When buying a home, usually the buyer is responsible for paying closing costs. However, if the sale is a short sale -- meaning the seller is selling the home for less than it's worth to try to pay off part of his mortgage -- the seller must get his bank to agree to the arrangement before he can close on the sale. If the seller can't get approval for a short sale, the deal will fall through. The seller may also face adverse financial consequences after a short sale, but the buyer doesn't have to worry about these.
Responsibility for Liens
If the seller doesn't have enough money to settle mechanic's liens or other unpaid liens on the property before closing, the liens become the new owner's responsibility. The new owner must then pay off the liens or risk foreclosure, even though he wasn't responsible for the initial filing of the lien. Thus, buyers should run a background check on the lien and purchase insurance against liens before closing on the home.
Sale Doesn't Go Through
If a seller doesn't have enough money to pay his mortgage, he may try to short sell the home -- that is, sell it for a lower price and pay off whatever he can on the mortgage. However, the bank must approve the short sale. If the seller accepts too low a price, he may not be able to pay very much to the bank, and the bank can refuse to approve the short sale. If this happens, the seller and buyer will not be able to close on the home.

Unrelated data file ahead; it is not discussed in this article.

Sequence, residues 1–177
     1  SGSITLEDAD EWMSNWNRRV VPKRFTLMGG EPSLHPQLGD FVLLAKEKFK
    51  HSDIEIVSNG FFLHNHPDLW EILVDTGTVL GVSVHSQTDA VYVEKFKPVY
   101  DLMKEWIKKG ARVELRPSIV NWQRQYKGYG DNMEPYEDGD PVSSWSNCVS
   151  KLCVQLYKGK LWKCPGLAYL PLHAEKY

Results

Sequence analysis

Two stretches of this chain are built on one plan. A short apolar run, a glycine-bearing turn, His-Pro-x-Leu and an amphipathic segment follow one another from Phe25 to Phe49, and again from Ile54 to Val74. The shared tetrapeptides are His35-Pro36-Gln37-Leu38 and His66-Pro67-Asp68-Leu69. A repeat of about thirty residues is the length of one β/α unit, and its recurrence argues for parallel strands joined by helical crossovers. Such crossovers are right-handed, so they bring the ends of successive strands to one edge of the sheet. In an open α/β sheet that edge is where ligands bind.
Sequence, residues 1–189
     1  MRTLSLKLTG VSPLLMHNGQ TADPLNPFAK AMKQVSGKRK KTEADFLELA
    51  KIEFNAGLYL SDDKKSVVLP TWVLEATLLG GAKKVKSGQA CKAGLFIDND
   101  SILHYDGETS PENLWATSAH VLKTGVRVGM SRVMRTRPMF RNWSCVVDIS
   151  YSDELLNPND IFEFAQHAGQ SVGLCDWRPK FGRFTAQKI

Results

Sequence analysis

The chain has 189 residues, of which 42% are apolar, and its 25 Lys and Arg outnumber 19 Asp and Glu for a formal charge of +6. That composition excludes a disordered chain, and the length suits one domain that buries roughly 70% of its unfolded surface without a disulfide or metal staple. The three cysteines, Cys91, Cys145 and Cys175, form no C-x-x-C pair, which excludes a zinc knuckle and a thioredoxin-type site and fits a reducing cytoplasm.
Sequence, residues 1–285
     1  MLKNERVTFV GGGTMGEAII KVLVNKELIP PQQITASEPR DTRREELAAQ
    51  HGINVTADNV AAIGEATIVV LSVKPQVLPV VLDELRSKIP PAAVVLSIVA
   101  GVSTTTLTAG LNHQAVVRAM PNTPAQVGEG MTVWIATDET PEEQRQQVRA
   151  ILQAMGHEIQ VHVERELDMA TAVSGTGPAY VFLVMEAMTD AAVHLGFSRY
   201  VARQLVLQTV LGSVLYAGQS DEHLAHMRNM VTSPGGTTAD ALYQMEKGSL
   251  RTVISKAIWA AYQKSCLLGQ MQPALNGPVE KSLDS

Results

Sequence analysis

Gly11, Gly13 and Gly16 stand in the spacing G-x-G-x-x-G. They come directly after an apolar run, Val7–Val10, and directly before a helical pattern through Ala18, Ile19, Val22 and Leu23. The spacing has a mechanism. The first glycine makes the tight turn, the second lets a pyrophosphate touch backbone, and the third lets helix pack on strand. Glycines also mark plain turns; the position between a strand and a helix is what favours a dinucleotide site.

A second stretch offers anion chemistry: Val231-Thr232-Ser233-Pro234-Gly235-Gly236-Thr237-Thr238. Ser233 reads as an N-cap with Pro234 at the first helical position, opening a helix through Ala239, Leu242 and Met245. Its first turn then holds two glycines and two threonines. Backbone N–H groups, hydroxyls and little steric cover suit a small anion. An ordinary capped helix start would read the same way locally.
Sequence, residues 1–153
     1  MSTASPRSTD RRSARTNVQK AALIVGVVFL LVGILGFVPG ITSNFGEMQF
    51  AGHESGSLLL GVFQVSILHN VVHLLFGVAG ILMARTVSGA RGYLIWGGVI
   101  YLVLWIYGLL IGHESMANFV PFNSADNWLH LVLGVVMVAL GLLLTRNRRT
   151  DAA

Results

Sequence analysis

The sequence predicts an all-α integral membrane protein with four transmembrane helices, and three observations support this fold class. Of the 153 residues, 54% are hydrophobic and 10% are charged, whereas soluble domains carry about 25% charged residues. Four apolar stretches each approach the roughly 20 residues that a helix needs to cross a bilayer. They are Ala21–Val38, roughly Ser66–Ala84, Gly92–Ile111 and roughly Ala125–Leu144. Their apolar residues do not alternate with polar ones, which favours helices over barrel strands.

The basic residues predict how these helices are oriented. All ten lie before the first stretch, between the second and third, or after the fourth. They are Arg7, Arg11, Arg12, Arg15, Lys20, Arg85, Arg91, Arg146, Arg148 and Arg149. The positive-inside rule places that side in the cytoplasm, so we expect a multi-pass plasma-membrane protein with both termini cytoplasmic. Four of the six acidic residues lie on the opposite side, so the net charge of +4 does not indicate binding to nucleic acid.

After a short sale, the seller pays what he can to the lender, and the lender is supposed to send the seller a letter forgiving the outstanding loan balance. Sometimes, however, the lender doesn't send a forgiveness letter. If the lender doesn't send any such letter, it reserves the right to sue the seller for the balance, called the deficiency. This won't affect the new buyer, as he has his own arrangement with his lender and the sale has already gone through.
If a seller can't perform a short sale because the bank doesn't approve it or doesn't have the money to pay a deficiency judgment, the seller may declare bankruptcy. Declaring bankruptcy forces the bank to suspend collection activity against the seller. In addition, if the bankruptcy goes through, the seller can wipe out most of his debts. As with deficiency judgments, this doesn't affect the buyer.
Jack Ori has been a writer since 2009. He has worked with clients in the legal, financial and nonprofit industries, as well as contributed self-help articles to various publications.